Arthur's Stone
Arthur's Stone
Arthur's Stone is a Neolithic burial chamber on a low hillside overlooking the River Dore and Herefordshire's Golden Valley. The chamber is built of large slabs of stone which would originally have been covered with turf. Inside the turf mound, the stones were arranged to create a cromlech with an entrance passage. There are nine stones shaping the chamber with five of the stones supporting a huge capstone.

A further nine stones make up the entrance passage almost a metre wide. Interestingly, the passage starts off almost due east to west before taking a sharp dogleg to the south.

Near the chamber are a further two standing stones, which may originally have been part of a trilithon. If so, the lintel stone is no longer in place.

All of the stones were originally covered by a broad oval mound, measuring roughly 22 metres by 19 metres. Several kerbstones lie at the outer extremity of the mound.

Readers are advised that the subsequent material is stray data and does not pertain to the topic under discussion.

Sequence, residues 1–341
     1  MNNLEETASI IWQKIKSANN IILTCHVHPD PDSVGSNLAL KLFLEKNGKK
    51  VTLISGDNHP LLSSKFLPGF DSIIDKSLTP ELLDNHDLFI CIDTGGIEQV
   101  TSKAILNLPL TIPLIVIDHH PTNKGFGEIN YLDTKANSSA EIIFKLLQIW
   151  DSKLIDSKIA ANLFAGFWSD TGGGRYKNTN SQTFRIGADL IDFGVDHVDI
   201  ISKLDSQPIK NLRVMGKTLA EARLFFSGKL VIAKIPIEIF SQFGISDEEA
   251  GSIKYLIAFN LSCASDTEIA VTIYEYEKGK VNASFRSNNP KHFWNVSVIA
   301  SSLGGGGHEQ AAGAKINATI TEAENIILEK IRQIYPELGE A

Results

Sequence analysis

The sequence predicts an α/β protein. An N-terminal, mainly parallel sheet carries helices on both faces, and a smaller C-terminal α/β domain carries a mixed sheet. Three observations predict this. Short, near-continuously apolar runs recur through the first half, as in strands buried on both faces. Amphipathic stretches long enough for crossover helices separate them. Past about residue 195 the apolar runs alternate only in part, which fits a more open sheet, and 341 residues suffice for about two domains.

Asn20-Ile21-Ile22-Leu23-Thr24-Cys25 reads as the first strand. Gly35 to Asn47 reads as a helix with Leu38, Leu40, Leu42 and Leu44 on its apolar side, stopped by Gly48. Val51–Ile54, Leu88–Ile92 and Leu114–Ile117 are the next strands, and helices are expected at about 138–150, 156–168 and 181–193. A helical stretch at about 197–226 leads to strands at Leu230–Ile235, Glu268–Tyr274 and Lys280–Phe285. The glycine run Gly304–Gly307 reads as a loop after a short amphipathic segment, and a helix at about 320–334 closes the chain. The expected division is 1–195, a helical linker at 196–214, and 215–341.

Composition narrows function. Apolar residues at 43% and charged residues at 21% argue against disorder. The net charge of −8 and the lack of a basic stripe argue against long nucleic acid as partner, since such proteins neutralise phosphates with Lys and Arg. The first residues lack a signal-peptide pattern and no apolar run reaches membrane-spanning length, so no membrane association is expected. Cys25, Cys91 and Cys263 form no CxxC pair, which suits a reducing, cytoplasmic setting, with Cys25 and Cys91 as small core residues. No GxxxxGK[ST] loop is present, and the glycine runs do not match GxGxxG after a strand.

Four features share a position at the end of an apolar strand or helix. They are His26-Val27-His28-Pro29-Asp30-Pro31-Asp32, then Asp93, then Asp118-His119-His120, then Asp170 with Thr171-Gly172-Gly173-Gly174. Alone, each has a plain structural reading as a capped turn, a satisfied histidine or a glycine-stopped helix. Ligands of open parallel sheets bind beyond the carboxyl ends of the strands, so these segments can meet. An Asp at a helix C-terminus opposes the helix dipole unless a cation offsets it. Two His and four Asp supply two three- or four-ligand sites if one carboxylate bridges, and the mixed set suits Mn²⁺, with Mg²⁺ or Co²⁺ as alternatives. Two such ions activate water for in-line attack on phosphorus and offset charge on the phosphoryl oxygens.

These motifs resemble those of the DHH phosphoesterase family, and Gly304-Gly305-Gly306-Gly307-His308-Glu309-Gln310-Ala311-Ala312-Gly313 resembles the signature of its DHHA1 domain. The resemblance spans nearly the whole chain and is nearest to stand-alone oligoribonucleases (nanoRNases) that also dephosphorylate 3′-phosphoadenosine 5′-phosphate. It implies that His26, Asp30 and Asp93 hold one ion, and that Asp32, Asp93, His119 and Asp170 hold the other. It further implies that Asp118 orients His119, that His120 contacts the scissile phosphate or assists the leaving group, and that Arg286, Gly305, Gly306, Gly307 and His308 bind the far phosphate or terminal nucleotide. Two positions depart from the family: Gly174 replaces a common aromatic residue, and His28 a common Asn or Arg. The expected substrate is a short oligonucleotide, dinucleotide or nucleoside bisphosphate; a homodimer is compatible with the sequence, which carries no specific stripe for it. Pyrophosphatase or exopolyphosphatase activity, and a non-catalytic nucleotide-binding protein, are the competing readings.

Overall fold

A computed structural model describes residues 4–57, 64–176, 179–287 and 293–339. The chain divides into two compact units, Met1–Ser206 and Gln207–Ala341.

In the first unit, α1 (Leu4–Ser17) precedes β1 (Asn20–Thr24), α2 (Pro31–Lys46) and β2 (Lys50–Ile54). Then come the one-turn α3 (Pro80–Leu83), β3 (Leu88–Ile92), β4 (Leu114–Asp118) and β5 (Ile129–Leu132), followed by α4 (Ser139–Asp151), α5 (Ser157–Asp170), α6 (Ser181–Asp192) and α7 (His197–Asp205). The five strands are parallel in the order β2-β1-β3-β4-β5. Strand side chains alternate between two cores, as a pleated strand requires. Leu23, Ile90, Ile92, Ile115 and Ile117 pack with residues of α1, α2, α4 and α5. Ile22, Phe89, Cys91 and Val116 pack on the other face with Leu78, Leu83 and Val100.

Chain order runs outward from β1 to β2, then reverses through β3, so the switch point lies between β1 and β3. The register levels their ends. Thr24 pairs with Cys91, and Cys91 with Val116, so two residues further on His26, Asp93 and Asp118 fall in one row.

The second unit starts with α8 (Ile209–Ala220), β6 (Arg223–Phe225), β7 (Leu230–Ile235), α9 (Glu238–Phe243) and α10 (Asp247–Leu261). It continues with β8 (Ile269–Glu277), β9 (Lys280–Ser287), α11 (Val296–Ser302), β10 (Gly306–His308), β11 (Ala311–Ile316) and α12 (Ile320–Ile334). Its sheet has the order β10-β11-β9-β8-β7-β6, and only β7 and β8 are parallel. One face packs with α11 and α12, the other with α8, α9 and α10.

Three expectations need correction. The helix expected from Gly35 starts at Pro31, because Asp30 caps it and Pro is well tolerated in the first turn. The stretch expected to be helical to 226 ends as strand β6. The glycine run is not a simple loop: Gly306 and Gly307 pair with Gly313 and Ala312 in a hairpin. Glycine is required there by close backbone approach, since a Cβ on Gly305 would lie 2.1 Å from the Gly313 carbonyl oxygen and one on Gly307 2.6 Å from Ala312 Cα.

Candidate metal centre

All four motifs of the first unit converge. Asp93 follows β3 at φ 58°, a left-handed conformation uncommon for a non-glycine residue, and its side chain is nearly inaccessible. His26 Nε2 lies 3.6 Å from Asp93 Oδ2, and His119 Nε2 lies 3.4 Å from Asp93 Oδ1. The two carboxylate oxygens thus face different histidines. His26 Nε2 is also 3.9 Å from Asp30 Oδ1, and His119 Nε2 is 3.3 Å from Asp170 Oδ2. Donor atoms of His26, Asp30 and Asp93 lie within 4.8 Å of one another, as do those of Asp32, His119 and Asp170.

A Neolithic settlement on nearby Dorstone Hill may be associated with Arthur's Stone. The association of this ancient site with King Arthur appears to date from at least the 13th century, if not earlier.

Local legends say that Arthur killed a giant on this spot, and when the giant fell, his elbows made an impression in one of the stones. Similar stories associating King Arthur with prehistoric sites are told throughout Herefordshire and the Welsh borderland.